the degree of reprehensibility of the conduct that formed the basis of the civil suit; the disparity between the harm or potential harm suffered by the injured party who was the plaintiff in the civil case and the plaintiff's punitive damages award; and the difference between this remedy and the civil penalties authorized or imposed in comparable cases.
Justice Pollock once observed:
We have proceeded [in this area] with an appreciation that at the core of punitive damages lurks a volatile dilemma: the same findings necessary for the award of punitive damages can incite a jury to act irrationally. A condition precedent to a punitive-damages award is the finding that the defendant is guilty of actual malice. The purposes of the award — the deterrence of egregious misconduct and the punishment of the offender, Leimgruber v. Claridge Assocs., Ltd., 73 N.J. 450, 454 (1977) — when mixed with a finding that the defendant is malicious, can readily inflame an otherwise dispassionate jury. Essential to a fair and reasonable award therefore is the consideration of all relevant circumstances, including the nature of the defendant's misconduct and the harm to the plaintiff. Id. at 456. Stated generally, the award of punitive damages "must bear some reasonable relation to the injury inflicted and the cause of the injury." Id. at 457.
[Herman v. Sunshine Chem. Specialties, Inc., 133 N.J. 329, 337-38 (1993).]
In future LAD cases, courts reviewing punitive damages awards should apply both the requirements of the PDA (with the exception of the statutory cap) and the substantive standards of BMW v. Gore in order to ensure that any award of punitive damages bears "some reasonable relation" to the injury inflicted.
In this case we find that compliance with the substantive standards of BMW v. Gore was inadequately addressed by the trial court. At the motion for a new trial, the trial judge simply stated that "[a]warding $4 million in punitive damages against a $400 million entity does not offend the conscience of this court, especially considering tax ramifications." In the interests of justice, we remand the matter to the Law Division to reconsider and apply the standards of BMW v. Gore. The trial court should assess whether the award was either appropriate in light of "the degree of reprehensibility of the [wrongful conduct,] the disparity between the harm or potential harm [suffered by the plaintiff] and the plaintiff's punitive damages award[,] and the difference between this remedy and the civil penalties authorized or imposed in comparable cases," BMW v. Gore, supra, 517 U.S. at 575, 116 S.Ct. at 1598-99, 134 L.Ed. 2d at 826, or whether the award reflects prejudice, passion, or mistake warranting a new trial on the amount of punitive damages. In this respect, an appellate court must accord deference to a trial court's "feel of the case" in assessing whether a miscarriage of justice occurred. Carrino v. Novotny, 78 N.J. 355, 361 (1979). In considering the disparity between the harm suffered by plaintiffs and the amount of the award, the court may consider, but is not bound by, the Legislature's judgment of five times compensatory damages as a normative measure of the limits of proportion. Because some acts of discrimination cause unquantifiable harm, the assessment of proportion to harm may take into account whether there has been an outrageous affront to human dignity that warrants departure from a normative punishment.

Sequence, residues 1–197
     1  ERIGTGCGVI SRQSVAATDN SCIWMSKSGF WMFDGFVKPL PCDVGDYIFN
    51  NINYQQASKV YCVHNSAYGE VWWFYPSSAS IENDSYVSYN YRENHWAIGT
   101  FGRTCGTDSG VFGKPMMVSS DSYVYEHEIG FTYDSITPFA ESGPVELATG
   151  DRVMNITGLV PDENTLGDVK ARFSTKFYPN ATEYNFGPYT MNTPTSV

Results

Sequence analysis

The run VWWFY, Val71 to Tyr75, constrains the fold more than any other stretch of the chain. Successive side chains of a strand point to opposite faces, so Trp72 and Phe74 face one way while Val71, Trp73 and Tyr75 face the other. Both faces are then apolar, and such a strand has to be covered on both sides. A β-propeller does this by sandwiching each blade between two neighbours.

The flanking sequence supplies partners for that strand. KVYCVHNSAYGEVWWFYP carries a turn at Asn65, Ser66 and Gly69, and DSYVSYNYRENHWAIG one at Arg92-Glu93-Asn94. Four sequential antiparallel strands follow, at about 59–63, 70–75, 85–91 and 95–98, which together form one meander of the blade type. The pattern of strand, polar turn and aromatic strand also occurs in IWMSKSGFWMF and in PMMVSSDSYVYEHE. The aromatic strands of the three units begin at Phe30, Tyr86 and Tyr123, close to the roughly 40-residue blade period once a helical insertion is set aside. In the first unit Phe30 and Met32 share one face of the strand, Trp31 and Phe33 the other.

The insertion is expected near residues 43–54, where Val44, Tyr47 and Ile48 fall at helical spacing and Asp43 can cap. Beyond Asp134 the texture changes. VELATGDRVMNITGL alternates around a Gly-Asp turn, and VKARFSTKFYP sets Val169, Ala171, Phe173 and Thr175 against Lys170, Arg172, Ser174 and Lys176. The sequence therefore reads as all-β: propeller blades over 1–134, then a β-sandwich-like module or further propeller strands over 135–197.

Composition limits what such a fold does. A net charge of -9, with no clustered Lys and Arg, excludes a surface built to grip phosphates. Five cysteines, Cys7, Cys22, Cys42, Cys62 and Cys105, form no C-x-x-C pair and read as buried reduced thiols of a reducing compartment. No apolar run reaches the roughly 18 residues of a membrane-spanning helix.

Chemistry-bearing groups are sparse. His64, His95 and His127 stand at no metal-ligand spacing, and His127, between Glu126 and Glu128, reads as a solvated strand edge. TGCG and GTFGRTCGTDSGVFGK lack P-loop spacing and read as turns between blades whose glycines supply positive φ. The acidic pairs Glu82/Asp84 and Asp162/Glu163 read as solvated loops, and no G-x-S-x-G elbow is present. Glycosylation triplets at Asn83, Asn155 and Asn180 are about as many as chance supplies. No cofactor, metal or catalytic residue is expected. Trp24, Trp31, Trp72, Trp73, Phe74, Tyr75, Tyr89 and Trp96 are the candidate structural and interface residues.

We affirm the remaining issues substantially for the reasons stated by the Appellate Division in its reported opinion. We agree that the trial court did not erroneously permit the jury to calculate punitive damages based upon the worth of a more financially-stable successor corporation that did not exist at the time of the wrongful conduct. In fairness, for the calculation of punitive damages, a defendant's financial condition should be measured at the time of the wrongful conduct. That was impossible to do in this case because of defendant's refusal to produce any information about the Bank's value in 1991. In short, there was nothing that the trial court could have done except to use the parties' stipulation concerning the value of the stock exchanged between Constellation Bancorp. and CoreStates in their merger on March 16, 1994. We also agree that there is no need in the case of a RIF to modify the requirements for establishing a prima facie case of discrimination under McDonnell Douglas Corp. v. Green, 411 U.S. 792, 802, 93 S.Ct. 1817, 1824, 36 L.Ed.2d 668, 677 (1973). We agree with the holding to that effect in Marzano v. Computer Science Corp., Inc., 91 F.3d 497 (3d Cir. 1996). In rejecting a requirement of additional evidence, the court noted that "[t]he evidentiary burden at [the prima facie stage] is rather modest: it is to demonstrate to the court that plaintiff's factual scenario is compatible with discriminatory intent. . . ." Id. at 508. To require "an additional showing" in order to establish a prima facie case in the RIF context, "subverts the analytical framework designed by the U.S. Supreme Court" in McDonnell Douglas. Id. at 507.
The judgment of the Appellate Division is affirmed except with respect to the amount of punitive damages. We remand that issue to the Law Division for reconsideration in light of this opinion.
CHIEF JUSTICE PORITZ and JUSTICES HANDLER, O'HERN, GARIBALDI, STEIN, and COLEMAN join in this PER CURIAM opinion. JUSTICE POLLOCK did not participate.